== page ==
It made perfect sense when, just days after Kobe Bryant’s death, the NBA decided to postpone a game on Jan. 28 between the Lakers and Clippers at Staples Center.
The teams — and the city — were still grieving.
“This is a very difficult time for all of us,” the Lakers said in a statement.
More than three weeks have passed with no announcement of a makeup date as the league deals with an uncooperative calendar.
Neither the Lakers nor the Clippers have an obvious, mutual opening over the remaining regular season. To make matters worse, they must share Staples Center with the Kings and frequent special events such as concerts.
A league spokesman said Thursday that no date has been finalized. Neither team would comment.
Much of the complexity stems from NBA precedent. Teams used to play three nights in a row on occasion, but the late David Stern discouraged that practice when he took over as commissioner in 1984.
There have been exceptions in recent seasons, with both the Indiana Pacers and Washington Wizards playing back-to-back-to-back games after weather postponements.
Some openings on the Lakers’ and Clippers’ schedules would inflict a three-game stretch on one or both teams. Others would require a daytime tipoff on a weekday to allow the Kings play that night.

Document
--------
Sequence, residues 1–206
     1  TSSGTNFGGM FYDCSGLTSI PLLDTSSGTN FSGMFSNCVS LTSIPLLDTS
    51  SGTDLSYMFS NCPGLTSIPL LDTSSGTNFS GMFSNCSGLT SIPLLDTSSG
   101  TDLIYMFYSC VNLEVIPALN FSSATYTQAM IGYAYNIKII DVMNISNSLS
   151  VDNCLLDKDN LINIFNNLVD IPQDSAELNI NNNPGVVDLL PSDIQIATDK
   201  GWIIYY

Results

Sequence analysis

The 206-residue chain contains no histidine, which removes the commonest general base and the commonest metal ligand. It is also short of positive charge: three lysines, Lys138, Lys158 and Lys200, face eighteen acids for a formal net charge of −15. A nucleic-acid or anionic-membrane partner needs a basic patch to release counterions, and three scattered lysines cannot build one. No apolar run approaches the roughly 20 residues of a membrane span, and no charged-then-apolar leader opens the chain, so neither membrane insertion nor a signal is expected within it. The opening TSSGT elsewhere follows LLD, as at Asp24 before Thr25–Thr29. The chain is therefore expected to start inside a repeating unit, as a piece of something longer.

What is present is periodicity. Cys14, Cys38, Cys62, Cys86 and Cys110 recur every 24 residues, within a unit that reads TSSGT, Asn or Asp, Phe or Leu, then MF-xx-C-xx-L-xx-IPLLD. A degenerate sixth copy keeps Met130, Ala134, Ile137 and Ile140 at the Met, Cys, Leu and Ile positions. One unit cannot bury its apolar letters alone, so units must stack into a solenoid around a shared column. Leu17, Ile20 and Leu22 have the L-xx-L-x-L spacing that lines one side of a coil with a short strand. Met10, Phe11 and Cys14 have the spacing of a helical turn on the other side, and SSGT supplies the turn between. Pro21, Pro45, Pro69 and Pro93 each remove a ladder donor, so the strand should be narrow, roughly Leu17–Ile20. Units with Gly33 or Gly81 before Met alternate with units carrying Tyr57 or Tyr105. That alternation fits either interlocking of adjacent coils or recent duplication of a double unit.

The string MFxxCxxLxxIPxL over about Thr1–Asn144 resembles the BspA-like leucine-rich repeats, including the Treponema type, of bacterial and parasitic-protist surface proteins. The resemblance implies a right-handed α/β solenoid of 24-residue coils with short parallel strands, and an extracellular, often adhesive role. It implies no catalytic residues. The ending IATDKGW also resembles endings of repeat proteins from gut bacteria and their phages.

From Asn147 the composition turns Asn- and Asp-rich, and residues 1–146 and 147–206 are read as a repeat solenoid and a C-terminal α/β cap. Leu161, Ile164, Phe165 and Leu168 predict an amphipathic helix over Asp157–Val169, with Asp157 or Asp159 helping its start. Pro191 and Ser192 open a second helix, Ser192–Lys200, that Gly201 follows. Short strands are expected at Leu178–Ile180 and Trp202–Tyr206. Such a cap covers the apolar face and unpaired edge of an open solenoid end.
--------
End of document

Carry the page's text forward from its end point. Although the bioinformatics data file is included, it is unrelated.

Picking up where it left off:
The teams could meet on April 10, shortly before the end of the regular season, but Staples Center also has a concert booked that night.
The arena has managed this sort of transition before, with the Kings playing in the afternoon before an evening show. Much of the rigging for the musical performance is done the day before.
The arena will pull just such a quick switch on Monday, reconfiguring from a memorial for Bryant in the morning to a Clippers game at 7:30 p.m.
“It’s what we do,” spokesman Michael Roth said, “converting the building from one event to another.”
The April 10 date, though, would leave the Lakers with a short turnaround after playing Golden State the previous night because it would require a Friday afternoon tipoff for a matchup that was supposed to be on national television.
League executives could schedule the game for the day after the regular season ends, but that also poses a problem.
By that time, the result could be meaningless in terms of playoff seedings for one or both teams, a situation that could lead to most if not all the starters resting on the bench. But the outcome could also affect the seeding of another Western Conference team, with its postseason fate decided by a contest played between substitutes.